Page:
Statuette of a Female Acrobat
Egyptian, Classical, Ancient Near Eastern Art
On View: Temples and Tombs, Martha A. and Robert S. Rubin Gallery, 3rd Floor
By placing a sculpture of an acrobat in his tomb, Sa-Inher declared that he had sufficient wealth to enjoy such diversions throughout eternity. This acrobat is portrayed performing a backbend. The figure’s head was missing when the tomb was excavated; most likely it was broken by grave robbers. The red lines on the woman’s body represent a network of beads or body paint.
ca. 1938-1630 B.C.E.
XII Dynasty-early XIII Dynasty
4 × 2 × 7 in. (10.2 × 5.1 × 17.8 cm) (show scale)
Gift of the Egypt Exploration Fund
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Statuette of a Female Acrobat, ca. 1938-1630 B.C.E. Limestone, pigment, 4 × 2 × 7 in. (10.2 × 5.1 × 17.8 cm). Brooklyn Museum, Gift of the Egypt Exploration Fund, 13.1024. Creative Commons-BY (Photo: Brooklyn Museum, 13.1024_profile_PS2.jpg)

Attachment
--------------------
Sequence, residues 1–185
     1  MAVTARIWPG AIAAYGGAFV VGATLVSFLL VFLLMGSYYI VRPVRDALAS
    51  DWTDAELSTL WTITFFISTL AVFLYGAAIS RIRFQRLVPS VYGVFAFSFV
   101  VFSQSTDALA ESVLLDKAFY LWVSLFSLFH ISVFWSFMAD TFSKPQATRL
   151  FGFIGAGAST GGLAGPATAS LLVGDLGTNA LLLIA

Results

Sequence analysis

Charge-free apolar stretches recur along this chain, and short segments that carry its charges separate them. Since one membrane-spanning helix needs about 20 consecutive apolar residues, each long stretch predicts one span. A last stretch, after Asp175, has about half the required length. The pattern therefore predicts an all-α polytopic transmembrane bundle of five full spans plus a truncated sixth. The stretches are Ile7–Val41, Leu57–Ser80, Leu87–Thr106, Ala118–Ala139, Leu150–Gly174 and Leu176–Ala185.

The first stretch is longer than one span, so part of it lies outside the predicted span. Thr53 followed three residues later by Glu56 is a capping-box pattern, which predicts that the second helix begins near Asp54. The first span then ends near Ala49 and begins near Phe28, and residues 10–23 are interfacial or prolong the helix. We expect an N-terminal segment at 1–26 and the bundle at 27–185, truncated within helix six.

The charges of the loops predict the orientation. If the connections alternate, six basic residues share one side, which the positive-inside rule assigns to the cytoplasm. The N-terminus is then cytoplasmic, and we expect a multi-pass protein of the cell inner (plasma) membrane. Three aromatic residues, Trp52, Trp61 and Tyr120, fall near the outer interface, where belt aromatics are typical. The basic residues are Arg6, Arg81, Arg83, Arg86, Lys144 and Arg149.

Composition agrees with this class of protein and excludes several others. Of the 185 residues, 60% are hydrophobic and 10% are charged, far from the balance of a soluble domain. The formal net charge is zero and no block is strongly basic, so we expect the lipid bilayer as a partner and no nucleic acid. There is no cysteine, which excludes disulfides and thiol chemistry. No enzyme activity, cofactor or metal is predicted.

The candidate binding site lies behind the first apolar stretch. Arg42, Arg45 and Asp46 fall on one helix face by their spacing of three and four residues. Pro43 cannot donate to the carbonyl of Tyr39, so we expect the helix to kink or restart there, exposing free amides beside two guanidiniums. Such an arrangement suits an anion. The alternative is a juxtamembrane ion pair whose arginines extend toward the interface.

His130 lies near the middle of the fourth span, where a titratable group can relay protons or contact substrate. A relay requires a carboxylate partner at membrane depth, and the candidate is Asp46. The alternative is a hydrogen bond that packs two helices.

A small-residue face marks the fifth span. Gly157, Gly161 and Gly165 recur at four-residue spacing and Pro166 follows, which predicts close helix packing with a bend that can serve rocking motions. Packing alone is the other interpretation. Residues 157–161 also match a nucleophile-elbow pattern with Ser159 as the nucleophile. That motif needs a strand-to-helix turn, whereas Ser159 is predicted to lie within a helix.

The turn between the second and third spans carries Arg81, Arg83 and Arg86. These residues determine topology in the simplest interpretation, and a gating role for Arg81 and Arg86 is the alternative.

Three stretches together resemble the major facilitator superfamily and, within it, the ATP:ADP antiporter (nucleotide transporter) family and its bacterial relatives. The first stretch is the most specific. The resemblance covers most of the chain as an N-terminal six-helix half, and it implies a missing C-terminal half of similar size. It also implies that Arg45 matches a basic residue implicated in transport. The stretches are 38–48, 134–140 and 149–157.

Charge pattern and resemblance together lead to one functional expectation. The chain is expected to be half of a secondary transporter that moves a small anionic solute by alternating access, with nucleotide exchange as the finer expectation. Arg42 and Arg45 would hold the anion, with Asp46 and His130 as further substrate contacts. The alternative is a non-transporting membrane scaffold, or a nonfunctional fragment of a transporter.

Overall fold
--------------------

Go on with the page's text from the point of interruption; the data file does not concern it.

profile, 13.1024_profile_PS2.jpg. Brooklyn Museum photograph, 2009
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Limestone statuette, in the round, of nude female dancer performing a funerary dance (the Khetebt). Body bent backward. Face up, with hair touching base, body supported by arms which rest on oblong uninscribed base. Traces of red paint on body.
Condition: Entire head missing from top of neck to lower part of hair. Body has been assembled and there are minor chips on arms. Red lines on body apparently indicate a bead network. Traces of black paint at base of hair indicate that it was painted black.
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